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A new zooarchaeological application for geometric morphometric methods: Distinguishing Ovis aries morphotypes to address connectivity and mobility of prehistoric Central Asian pastoralists

Haruda, A.F., Varfolomeev, V., Goriachev, A., Yermolayeva, A., Outram, A.K.
Journal of archaeological science 2019 v.107 pp. 50-57
archaeology, domestication, geometry, humans, models, morphometry, morphs, pastoralism, sheep, steppes, trade, variance, Kazakhstan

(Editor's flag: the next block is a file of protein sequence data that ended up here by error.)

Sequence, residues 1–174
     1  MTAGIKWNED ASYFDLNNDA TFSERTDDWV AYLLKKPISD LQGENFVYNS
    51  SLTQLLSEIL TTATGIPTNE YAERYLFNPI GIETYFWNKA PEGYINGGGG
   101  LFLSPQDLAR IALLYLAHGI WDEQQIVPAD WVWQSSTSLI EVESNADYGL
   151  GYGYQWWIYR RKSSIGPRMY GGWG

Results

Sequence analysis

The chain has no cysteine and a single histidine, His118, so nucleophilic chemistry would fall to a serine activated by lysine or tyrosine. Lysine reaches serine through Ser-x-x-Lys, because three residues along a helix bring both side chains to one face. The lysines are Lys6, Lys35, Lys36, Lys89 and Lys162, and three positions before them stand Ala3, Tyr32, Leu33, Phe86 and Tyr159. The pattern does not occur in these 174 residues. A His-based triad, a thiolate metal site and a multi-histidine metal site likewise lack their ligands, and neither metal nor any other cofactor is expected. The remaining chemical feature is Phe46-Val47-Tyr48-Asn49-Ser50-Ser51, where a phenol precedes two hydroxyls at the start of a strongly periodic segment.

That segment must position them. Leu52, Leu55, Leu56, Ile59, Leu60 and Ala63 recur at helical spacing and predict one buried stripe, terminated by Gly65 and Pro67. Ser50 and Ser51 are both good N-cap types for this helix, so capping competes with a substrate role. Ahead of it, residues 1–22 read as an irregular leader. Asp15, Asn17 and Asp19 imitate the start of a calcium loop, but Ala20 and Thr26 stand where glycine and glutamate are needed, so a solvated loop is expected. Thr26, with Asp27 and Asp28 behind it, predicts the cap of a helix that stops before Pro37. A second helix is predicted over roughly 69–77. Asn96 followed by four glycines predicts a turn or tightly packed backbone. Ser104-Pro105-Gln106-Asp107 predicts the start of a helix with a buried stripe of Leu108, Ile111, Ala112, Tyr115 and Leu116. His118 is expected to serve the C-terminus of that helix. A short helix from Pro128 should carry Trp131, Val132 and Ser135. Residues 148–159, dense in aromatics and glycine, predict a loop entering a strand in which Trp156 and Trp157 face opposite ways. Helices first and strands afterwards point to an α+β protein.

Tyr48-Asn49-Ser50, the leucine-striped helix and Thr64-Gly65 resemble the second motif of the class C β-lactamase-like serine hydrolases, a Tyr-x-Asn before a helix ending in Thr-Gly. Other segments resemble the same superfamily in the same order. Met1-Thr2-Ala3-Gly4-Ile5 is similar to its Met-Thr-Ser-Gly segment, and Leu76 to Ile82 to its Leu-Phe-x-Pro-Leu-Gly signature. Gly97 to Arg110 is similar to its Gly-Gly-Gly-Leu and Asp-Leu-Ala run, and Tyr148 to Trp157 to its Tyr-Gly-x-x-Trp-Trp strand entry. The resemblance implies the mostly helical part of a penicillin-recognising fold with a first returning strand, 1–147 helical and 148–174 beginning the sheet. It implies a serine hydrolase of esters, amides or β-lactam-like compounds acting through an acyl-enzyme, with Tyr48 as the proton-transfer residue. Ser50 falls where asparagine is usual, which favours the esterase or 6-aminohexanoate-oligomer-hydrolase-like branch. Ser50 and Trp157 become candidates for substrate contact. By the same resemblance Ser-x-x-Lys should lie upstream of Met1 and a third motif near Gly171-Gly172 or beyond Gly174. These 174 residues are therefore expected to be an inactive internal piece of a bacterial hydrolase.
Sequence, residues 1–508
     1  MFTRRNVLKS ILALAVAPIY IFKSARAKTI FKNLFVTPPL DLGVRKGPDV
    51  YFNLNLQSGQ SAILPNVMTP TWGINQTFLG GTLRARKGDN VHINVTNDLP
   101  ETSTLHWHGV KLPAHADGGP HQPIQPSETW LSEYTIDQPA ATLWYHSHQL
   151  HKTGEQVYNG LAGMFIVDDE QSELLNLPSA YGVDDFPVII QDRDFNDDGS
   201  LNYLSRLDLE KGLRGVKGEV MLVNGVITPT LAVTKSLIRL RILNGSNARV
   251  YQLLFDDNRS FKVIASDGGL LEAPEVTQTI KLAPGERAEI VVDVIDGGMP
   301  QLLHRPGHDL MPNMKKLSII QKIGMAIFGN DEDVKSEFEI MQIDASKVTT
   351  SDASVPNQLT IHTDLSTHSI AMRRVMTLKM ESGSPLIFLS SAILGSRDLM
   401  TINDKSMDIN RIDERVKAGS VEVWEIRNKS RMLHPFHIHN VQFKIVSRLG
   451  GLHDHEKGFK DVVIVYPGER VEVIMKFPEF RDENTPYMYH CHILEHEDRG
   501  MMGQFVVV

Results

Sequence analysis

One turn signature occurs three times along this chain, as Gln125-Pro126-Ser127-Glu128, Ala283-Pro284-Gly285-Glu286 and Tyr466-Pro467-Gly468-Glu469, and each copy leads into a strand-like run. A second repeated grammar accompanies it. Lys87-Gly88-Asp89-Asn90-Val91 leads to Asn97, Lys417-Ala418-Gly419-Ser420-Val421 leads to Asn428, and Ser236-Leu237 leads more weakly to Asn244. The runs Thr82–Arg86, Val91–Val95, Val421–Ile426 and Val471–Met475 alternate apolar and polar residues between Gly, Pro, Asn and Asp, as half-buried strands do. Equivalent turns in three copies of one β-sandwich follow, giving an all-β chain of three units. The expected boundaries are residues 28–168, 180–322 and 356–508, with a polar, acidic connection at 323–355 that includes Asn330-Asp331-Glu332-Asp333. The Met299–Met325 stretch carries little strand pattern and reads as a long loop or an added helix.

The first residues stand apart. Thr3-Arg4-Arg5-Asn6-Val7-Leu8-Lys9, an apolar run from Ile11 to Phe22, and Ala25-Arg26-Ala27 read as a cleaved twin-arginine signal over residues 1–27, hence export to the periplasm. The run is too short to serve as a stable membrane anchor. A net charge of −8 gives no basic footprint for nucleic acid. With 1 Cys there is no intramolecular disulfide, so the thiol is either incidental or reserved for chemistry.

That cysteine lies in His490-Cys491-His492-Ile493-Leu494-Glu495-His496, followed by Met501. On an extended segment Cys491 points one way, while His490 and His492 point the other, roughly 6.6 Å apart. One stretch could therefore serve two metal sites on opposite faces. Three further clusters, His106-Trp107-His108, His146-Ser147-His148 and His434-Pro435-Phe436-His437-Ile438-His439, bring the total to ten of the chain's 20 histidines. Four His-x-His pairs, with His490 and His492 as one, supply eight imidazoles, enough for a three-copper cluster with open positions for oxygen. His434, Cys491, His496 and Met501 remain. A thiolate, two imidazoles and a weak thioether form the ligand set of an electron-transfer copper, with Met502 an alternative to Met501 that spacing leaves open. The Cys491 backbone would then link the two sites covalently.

Geometric morphometric methods (GMM), which were developed to characterize the shape and size of biological organisms, have been applied within zooarchaeology over the past decade to address animal domestication processes and to refine morphological criteria to differentiate between taxa. However, there has been limited utilization of these methods to discriminate between populations of the same taxa to challenge and refine other key archaeological issues, such as migration and connectivity in prehistory. Presented here is a novel application of a three-dimensional landmark based geometric morphometric approach to address the nature of long distance trade and connectivity on the prehistoric Silk Road. The similarity of Bronze and Iron Age archaeological cultures along this steppe route has encouraged characterisations of these people as nomads, with highly mobile, integrated, and connected human and animal populations. However, the interconnectedness of domestic animal populations, in particular sheep (Ovis aries), the foundation of this prehistoric pastoral economy, has never been examined. This study utilized geometric morphometric methods to quantify geometric morphometric variance of O. aries astragali between three geographically disparate settlement sites within a single Final Bronze age cultural and chronological context. Significant differences between morphotypes revealed that protracted mobility patterns were unlikely and that while animal exchange may have occurred, it was not pervasive enough to produce a uniform sheep morphotype across central and southeastern Kazakhstan. The result of this new application of geometric morphometric methods challenges models of uniform and undifferentiated long distance mobility and economic connectivity between the peoples of the Silk Road.